I grew up in Tennessee. I’m from a small town there, but I spent a lot of my formative years in Nashville after college. I was there when I found the courage to come out at 30.
I’d been exposed to New York City on my travels, but I’d never lived here before. I knew about Stonewall—I was a history major in college. I knew what it was, but I didn’t have a personal connection to it as I wasn’t out.
When I did come out, everything changed. Being a history nerd I really dug in. I wanted to know everything. I wanted to own that knowledge. I thought, ‘This is who I am. I need to be informed.’
Plus, I had in my life some men who were older than me—I have friends across a wide age-range—some of whom were avid history buffs as well. So I was fortunate to have a really good education on Stonewall, the community and our collective queer history. So I had a good opportunity to learn about it before I even got here.
I came out in 1999 and moved to New York City three years later. I really wanted to be in a major city. My first boyfriend lived in Chicago, so I was spending a lot of time there, but New York was really pulling on me. I knew there’s no place like New York, and I wanted to be here professionally and personally.
‘Moving to NYC is the best thing that ever happened to me’
So I made the decision to move here in 2002, a little bit on a wing and a prayer. And it’s the best thing that ever happened to me. I started working for NYC & Company in 2005; it took me three years to get in.
I’ve been in tourism and hospitality my entire life. My family runs a small hotel in Gatlinburg, Tennessee; I grew up in the business. My mom still runs it. I worked for the city of Nashville, for the Convention and Visitors Bureau. It was my dream to work for NYC & Company. It’s so strange to have been able to move here and get a job there, and after nine years with the company, to be asked to step up and take the leadership role! I feel like the luckiest kid in town. I became the CEO in 2014.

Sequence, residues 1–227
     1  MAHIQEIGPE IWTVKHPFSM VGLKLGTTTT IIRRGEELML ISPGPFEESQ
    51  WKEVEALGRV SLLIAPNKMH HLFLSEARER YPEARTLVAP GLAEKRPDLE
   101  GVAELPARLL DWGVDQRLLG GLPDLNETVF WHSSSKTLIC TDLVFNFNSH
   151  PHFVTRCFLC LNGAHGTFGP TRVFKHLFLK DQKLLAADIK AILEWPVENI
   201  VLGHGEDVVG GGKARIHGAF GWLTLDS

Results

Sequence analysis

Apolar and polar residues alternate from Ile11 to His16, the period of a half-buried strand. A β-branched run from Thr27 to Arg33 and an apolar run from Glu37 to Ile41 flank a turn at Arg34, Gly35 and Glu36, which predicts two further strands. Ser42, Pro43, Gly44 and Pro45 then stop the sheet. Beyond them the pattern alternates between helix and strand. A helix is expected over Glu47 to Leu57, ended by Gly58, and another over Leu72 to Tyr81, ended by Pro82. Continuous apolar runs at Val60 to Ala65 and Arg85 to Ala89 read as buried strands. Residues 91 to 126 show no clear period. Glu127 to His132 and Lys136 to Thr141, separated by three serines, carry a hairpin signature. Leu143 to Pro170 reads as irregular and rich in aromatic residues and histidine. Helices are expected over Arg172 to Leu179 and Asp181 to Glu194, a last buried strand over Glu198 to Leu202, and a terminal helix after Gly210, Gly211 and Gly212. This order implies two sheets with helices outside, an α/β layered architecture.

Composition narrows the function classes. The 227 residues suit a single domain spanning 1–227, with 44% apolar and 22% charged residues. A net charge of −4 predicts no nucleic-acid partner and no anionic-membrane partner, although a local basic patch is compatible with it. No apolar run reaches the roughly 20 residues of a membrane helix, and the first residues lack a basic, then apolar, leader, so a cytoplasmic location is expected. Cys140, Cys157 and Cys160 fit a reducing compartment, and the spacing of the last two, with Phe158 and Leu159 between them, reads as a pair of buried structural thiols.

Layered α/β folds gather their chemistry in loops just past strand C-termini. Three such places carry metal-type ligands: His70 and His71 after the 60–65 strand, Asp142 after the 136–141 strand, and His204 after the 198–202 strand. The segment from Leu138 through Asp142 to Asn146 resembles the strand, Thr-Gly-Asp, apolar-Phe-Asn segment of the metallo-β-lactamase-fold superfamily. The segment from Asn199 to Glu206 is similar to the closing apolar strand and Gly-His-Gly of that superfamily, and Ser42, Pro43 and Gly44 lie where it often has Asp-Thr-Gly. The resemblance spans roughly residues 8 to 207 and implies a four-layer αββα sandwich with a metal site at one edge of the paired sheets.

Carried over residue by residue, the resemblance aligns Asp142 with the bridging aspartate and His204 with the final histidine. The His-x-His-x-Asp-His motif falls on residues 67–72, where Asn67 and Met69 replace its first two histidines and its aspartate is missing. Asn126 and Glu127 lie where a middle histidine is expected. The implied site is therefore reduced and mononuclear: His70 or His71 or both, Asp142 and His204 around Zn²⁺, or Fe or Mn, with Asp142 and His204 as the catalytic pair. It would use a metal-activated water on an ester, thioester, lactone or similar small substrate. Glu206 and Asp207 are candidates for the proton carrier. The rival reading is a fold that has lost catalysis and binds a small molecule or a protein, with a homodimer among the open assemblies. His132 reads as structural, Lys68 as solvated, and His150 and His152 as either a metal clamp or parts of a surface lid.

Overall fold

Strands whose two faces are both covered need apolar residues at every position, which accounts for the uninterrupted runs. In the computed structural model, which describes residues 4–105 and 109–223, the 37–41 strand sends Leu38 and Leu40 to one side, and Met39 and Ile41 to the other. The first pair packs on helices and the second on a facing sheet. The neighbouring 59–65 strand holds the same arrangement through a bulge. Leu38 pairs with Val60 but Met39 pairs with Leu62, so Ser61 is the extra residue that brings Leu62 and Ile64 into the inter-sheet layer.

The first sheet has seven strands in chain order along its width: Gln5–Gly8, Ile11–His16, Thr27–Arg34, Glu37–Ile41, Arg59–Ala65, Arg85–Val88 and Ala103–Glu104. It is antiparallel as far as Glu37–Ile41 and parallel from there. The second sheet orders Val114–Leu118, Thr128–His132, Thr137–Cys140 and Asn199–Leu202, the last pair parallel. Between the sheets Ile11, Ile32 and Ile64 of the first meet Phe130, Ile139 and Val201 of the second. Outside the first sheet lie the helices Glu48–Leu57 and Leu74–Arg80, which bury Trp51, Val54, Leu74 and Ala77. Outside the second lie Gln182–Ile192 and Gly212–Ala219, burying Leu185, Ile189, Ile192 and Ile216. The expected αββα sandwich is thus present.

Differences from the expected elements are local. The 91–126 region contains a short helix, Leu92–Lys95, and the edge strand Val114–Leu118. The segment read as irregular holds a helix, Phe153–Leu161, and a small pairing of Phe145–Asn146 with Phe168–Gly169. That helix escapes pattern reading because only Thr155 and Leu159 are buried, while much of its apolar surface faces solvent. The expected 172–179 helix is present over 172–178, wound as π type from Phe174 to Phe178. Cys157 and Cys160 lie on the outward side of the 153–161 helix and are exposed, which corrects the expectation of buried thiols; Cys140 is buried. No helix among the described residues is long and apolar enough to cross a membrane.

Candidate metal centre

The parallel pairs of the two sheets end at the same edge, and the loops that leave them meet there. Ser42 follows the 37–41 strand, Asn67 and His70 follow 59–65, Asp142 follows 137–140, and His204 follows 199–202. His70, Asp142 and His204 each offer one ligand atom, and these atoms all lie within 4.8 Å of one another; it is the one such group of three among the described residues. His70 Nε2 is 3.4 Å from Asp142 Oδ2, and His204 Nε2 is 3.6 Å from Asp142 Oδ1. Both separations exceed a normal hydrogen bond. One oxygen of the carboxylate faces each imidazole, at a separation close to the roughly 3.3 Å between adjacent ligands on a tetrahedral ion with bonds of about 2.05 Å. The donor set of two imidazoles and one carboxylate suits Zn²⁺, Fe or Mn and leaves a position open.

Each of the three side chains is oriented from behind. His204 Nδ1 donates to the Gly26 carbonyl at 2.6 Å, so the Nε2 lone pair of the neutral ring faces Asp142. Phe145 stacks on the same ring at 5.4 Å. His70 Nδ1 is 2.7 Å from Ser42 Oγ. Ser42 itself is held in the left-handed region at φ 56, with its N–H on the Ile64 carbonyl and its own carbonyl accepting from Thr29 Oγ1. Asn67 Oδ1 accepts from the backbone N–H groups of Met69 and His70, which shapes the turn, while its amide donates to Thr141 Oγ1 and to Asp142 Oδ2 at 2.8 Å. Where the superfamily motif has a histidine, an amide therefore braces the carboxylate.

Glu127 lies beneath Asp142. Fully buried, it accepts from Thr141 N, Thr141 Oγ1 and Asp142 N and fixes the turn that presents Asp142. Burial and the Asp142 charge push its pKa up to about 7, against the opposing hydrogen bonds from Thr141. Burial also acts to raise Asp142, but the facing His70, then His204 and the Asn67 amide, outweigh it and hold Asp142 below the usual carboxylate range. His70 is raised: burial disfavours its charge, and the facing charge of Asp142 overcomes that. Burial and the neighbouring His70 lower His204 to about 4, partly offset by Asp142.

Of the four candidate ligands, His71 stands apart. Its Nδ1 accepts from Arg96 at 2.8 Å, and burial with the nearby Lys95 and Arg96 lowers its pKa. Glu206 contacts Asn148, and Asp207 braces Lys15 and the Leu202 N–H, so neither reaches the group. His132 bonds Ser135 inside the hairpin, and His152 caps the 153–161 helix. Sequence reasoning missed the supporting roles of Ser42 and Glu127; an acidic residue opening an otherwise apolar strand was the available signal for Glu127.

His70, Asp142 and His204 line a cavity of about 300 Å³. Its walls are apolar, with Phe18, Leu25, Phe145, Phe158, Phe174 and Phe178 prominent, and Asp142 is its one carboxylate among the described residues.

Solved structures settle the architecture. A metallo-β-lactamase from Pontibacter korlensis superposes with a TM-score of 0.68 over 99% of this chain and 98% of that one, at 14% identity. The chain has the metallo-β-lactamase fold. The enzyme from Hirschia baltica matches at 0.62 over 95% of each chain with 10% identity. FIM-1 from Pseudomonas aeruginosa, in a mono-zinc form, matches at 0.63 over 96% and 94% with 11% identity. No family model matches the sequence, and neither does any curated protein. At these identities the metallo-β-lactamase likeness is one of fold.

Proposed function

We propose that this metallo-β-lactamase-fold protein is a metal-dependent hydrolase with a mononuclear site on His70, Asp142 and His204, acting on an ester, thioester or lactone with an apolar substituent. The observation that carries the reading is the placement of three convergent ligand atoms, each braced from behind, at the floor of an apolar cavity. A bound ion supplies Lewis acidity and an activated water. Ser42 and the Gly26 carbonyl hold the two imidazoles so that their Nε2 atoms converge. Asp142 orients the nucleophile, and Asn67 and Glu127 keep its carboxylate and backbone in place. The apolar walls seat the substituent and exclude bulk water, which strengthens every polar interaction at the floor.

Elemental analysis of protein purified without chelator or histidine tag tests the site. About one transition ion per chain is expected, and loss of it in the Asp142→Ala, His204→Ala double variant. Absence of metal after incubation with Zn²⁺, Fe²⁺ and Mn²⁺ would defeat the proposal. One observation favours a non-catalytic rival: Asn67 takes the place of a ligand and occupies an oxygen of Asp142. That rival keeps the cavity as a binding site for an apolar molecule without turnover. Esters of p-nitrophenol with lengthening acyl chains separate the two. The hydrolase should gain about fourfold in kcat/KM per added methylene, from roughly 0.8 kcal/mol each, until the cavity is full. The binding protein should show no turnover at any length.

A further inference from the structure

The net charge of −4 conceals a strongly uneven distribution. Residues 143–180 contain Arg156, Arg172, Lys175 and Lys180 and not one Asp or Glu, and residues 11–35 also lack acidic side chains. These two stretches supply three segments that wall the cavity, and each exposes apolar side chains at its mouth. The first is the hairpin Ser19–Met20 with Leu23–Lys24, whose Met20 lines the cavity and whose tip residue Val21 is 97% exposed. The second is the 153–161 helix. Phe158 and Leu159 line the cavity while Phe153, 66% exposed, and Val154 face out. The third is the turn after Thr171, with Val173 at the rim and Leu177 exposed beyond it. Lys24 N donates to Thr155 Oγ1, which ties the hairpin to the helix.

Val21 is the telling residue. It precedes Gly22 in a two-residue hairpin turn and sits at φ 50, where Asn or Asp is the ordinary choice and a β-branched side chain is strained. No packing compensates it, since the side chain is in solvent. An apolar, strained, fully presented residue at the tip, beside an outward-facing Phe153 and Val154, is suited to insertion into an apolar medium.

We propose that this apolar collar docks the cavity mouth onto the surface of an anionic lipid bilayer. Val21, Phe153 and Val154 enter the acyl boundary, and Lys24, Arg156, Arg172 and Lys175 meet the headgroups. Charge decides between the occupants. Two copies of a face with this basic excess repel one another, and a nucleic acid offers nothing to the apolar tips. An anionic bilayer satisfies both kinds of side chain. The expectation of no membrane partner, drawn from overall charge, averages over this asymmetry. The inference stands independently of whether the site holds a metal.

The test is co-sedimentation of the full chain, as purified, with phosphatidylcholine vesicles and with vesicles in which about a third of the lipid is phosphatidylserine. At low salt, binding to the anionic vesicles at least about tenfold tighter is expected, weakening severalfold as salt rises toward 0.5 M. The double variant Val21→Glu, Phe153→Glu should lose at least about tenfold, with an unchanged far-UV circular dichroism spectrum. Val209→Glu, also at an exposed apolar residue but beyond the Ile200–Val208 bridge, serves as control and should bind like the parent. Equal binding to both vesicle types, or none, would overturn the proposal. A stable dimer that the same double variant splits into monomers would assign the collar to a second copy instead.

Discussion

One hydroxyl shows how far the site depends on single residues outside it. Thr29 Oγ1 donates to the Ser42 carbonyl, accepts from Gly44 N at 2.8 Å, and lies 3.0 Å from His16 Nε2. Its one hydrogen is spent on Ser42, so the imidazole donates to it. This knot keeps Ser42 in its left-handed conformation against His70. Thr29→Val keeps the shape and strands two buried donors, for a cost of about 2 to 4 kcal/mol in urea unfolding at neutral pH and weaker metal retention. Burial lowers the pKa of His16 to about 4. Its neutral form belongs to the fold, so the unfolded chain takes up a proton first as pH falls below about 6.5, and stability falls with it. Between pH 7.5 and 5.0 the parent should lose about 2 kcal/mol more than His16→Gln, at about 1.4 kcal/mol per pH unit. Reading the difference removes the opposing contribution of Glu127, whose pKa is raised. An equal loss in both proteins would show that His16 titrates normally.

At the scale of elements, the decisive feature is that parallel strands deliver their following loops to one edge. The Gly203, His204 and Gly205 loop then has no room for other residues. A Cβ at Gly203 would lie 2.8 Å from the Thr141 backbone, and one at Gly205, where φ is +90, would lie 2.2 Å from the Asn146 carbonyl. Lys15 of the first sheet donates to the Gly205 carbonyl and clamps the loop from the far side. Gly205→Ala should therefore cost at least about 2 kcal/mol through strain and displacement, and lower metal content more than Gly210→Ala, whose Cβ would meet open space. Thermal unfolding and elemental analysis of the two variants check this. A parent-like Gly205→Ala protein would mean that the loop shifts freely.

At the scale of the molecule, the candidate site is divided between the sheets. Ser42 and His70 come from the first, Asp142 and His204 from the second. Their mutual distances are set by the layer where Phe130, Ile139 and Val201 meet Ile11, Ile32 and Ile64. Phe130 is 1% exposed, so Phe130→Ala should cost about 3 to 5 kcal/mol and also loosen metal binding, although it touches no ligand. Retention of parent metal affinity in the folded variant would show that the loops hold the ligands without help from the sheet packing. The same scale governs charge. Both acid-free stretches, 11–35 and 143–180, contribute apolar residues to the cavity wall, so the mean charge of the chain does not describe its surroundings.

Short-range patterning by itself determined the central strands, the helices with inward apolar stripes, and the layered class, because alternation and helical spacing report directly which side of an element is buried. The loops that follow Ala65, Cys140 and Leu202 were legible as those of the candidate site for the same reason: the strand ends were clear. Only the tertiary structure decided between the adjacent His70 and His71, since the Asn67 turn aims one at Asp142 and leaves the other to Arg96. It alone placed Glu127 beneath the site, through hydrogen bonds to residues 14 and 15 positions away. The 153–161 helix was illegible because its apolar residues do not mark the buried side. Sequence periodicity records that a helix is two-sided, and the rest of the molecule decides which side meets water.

In New York City, people don’t really care who or what you are. It’s about the substance of your character and the thickness of your spine. Anything’s possible in this city. That’s what drew me here. I knew there was a creative, cultural community here I wanted to be part of.
I remember visiting the Stonewall Inn for the very first time. It wasn’t long after I moved here—I was starry eyed the first few months—and I went down to the West Village. I remember the feeling, the profoundness of the place and what it represented.
‘The Stonewall Inn is a cross-section of the community’
To this day, it’s still a cross-section of the community. Oftentimes bars get segmented by type. When you go to bars in smaller cities, at least in America, it’s like the big club when I came out in Nashville: it was one-for-all. Literally, there was an area for lesbians, there was an area for guys who liked to do country and western dancing, there was the dance floor, the drag show. There was a place for everyone. You rarely see that in big cities but Stonewall is still one of those places.
I was last there in November. We did an evening out in the West Village, drinks at Stonewall and then to Marie’s Crisis Cafe, another historic piano bar just down the street. It’s quintessentially New York: a piano bar in an open room with nothing but a piano and a bar in the back. You see Broadway stars in there.